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USMLE® Step 1 questions

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USMLE® Step 1 style questions USMLE

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A researcher evaluates the mechanism of action of a particular vaccine that induces the immune system to produce antibodies against a toxin produced by a bacteria. Still, it does not cause the formation of antibodies against the bacteria itself. Which vaccines work in this mechanism?  

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Bordetella pertussis p. , 141

vaccines p. 141

Conjugate vaccines p. 125

Corynebacterium diphtheriae p. , 137

unvaccinated children p. 183


unvaccinated children p. 183

vaccine for p. 137


unvaccinated children p. 183

Haemophilus influenzae p. , 140

vaccine p. 177

Haemophilus influenzae type B

unvaccinated children p. 183

vaccine p. 140

Live attenuated vaccines p. 109

Measles p. 167, 178

unvaccinated children p. 183


unvaccinated children p. 183


unvaccinated children p. 183

Pediatric patients

unvaccinated p. 183


unvaccinated children p. 183

Poliovirus p. 549

unvaccinated children p. 183


unvaccinated children p. 183

Rubella p. 166

unvaccinated children p. 183

Sabin poliovirus vaccine p. 164


vaccine p. 136

Unvaccinated children p. 183

Vaccines p. 109

Bordetella pertussis p. , 141

diphtheria p. 137

encapsulated bacteria p. 125

Haemophilus influenzae p. , 140, 177

Poliovirus p. 164

rabies p. NaN

rotavirus p. 164

Salmonella typhi p. , 142

tetanus p. 136

toxoids as p. 129

Varicella zoster virus (VZV) p. 161, 487, 491

vaccine p. 108

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When you get an infection, you develop adaptive immunity.

In other words, you generate memory T and B cells, so that if you encounter the same antigen again, they can quickly replicate and respond.

Most of the time we think of immunologic memory developing after natural infection. But memory T and B cells also develop after vaccination.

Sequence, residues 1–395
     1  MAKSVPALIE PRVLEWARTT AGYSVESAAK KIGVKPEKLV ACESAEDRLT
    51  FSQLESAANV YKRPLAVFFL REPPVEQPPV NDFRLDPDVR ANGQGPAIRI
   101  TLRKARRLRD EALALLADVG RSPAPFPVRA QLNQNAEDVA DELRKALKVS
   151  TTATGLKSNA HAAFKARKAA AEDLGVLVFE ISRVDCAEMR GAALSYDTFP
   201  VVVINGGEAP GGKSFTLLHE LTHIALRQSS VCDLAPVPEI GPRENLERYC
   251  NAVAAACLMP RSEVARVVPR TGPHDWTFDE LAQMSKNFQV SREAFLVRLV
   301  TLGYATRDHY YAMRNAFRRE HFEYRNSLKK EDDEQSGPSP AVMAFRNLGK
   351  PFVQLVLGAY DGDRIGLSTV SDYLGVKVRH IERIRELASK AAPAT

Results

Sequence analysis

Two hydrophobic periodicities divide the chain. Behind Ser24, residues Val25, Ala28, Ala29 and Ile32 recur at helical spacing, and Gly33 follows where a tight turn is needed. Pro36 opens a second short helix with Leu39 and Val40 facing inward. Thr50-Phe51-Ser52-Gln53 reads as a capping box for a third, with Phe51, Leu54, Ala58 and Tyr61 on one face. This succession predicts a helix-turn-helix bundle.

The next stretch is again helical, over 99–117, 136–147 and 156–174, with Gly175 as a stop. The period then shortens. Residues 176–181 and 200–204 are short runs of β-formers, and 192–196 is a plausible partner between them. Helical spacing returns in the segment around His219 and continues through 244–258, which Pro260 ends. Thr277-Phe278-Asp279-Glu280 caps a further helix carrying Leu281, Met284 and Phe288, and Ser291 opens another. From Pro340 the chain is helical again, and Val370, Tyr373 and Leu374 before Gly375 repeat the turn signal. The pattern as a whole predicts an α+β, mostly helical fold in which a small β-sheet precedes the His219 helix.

Vaccination is the process of generating a protective adaptive immune responses against microbes by exposure to nonpathogenic forms or components of microbes.

That’s the key - getting long term active protection to a harmful microbe, from something that’s not harmful.

Vaccination also helps up to establish herd immunity.

Herd immunity is the concept that if enough people in the population - or herd - are vaccinated the entire population, even those who are unvaccinated, develop a higher resistance to that infection.

The amount of people within a herd that need to be vaccinated to maintain herd immune status differs from pathogen to pathogen.

When too few people in a herd are vaccinated, there are more people in the population that are able to get the illness and spread it.

Vaccination is an active process of developing immunity.

This is different from passive immunity which is where a person gets antibodies that are made by another person or animal like a horse or mouse or by cells in a lab.

A common form of this is when antibodies are pooled from the community and is given intravenously - it’s called intravenous immunoglobulin or IV-Ig.

Passive immunity last for only as long as the antibodies last - usually weeks to months.

The antibodies that an infant receives from their mother in utero or during breastfeeding are examples of passive immunity.

IgG antibodies in the blood cross the placenta initially protecting the baby to some pathogens that mom has already made antibodies to.


Vaccinations, also known as immunizations, are a way to protect individuals from infectious diseases. Vaccines work by stimulating the immune system to recognize and fight specific pathogens, such as viruses or bacteria. They allow us to develop active immunity where a protective adaptive immune response is made to pathogens without causing disease in the patient.

There are four main types of vaccines: Live attenuated, inactivated, subunit, and toxoid vaccines. Live attenuated and inactivated vaccines are whole-cell vaccines, which means that the whole virus or bacteria is used to create the vaccine. Subunit and toxoid vaccines are considered fractionated vaccines because only one part of the pathogen is used to create the vaccine. Vaccines are typically given through injections, nasal sprays, or oral doses, and are usually recommended for infants and young children, as well as for adults who may be at risk for certain infectious diseases. Some vaccines, such as the flu vaccine, need to be given annually, while others provide lifelong protection after a series of doses.


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